A bit more about me.

I hope to invite other writers on my blog in due course so they can share information about their books and themselves as well as provide tips for other writers. As a practice run I thought I’d interview myself. So here goes…

What is the title of your latest book? What is it about?

Last year I had a novel for young adult readers published, called And Alex Still Has Acne.

And Alex Still Has Acne is about three teenagers who, on the face of it, have ordinary, comfortable lives. Life for fourteen year old Alex is OK most of the time. He enjoys school, has a best friend Sam, and a pretty and only mildly irritating younger sister, Nicky. But then Sam starts acting strangely, and so does Nicky – and both insist on sharing secrets with him and making him promise not to tell anyone. Then Nicky goes missing and only Alex feels he knows where to find her. But is Sam anywhere around to help?

 What are the most challenging aspects of being a writer? And the most rewarding?

I find sticking with my intended plot outline quite a challenge – the characters often decide to do something completely different. Usually, unless it would mean completely re-writing the book (and that has happened!) I go with the flow and tweak the plot outline accordingly.

My most rewarding experience was when my son read the first draft of And Alex Still has Acne – and said it was quite good. Praise indeed from him; he wouldn’t have hesitated to tell his mother she was writing rubbish if that was what he thought. He did make a few useful suggestions as well, after all he had been a teenager a lot more recently than I had.

What is your top tip for an aspiring writer?

Read plenty of novels, especially from the genre you want to write in. Read for pleasure, but then think about what worked / didn’t work for you in that particular book before you move onto the next one.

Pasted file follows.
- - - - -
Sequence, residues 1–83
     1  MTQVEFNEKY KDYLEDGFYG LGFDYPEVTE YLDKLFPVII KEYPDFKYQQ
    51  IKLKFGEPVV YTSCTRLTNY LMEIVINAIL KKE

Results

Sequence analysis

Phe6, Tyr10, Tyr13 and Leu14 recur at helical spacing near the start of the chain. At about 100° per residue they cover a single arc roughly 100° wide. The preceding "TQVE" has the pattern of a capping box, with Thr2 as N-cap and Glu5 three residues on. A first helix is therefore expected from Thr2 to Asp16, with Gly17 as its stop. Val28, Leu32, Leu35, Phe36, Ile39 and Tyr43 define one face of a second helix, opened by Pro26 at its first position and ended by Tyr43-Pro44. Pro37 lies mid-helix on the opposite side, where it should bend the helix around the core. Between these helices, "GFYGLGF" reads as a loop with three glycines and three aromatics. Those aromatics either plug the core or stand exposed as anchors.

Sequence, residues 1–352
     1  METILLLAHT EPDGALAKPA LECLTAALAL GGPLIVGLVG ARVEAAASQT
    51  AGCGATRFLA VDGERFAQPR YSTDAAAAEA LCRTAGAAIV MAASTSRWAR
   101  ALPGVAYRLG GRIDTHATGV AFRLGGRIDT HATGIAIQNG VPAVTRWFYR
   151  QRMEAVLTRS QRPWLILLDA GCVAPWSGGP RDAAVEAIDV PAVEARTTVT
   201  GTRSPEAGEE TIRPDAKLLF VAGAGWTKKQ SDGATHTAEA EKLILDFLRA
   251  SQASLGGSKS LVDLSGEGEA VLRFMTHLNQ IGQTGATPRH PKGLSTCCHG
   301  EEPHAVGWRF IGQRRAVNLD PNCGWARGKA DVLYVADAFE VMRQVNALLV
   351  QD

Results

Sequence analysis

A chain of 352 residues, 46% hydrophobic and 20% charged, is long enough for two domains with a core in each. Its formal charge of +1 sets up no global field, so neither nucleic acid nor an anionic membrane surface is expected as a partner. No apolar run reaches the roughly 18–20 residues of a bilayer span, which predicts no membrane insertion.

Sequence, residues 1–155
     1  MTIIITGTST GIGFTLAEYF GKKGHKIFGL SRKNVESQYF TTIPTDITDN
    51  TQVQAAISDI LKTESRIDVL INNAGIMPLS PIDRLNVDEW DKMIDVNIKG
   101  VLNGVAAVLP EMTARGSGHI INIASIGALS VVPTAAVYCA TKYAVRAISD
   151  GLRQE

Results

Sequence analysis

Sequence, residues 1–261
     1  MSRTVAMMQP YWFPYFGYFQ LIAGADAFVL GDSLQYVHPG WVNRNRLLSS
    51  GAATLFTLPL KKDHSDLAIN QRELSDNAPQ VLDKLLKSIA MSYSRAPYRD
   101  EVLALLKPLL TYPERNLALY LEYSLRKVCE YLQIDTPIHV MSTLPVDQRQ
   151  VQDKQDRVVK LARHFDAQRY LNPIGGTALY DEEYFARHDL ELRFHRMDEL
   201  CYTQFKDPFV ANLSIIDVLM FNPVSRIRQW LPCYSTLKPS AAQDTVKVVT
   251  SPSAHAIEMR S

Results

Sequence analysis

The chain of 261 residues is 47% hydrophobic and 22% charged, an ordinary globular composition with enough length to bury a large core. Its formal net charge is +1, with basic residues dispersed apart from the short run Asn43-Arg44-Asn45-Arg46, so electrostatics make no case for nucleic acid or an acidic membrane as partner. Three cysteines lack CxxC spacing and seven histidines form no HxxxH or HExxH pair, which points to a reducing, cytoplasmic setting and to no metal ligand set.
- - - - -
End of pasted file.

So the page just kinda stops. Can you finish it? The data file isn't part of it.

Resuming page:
What are you working on at the moment?

I am about to have another YA novel – Girl Friends – published by Solstice, so I am busy with editing, choosing the cover art, and lining up promotional opportunities. I also write plays and I have two recently completed ones to find good homes for. (One was commissioned for an event that did not then go ahead). I’m about a quarter of the way through another, but it’s not going too well at the moment, so I’ve just written a short story for a competition instead.

What do you like to read?

I will read almost anything from cereal packets to dictionaries rather than sit and do nothing. I like the classics (Jane Austen, George Eliot) but will also read new novels (Anne Tyler – A Spool of Blue Thread). I like non-fiction too and have not long read two books by Bill Bryson: A Short History of Nearly Everything and Mother Tongue. I love the way he conveys so much information in such an engaging way. I have just started reading Kate Summerscale’s true story about the murder of a little boy in 1860 – The Suspicions of Mr Whicher. Whicher was one of the first real life detectives, and the prototype for detective characters in novels by Charles Dickens and Wilkie Collins.

 Where can readers find you?

Nearly all my published novels and short stories are available from Amazon.

http://www.amazon.co.uk/-/e/B00RVO1BHO

http://www.amazon.com/-/e/B00RVO1BHO

Facebook: facebook.com/pages/Margaret-Egrot/1374506486178952

Twitter: https://twitter.com/meegrot

Website: www.margaretegrotwriter.weebly.com

There is information about my plays on my website and you can contact me via the website if you want a copy of any of them.

 

 

 

 

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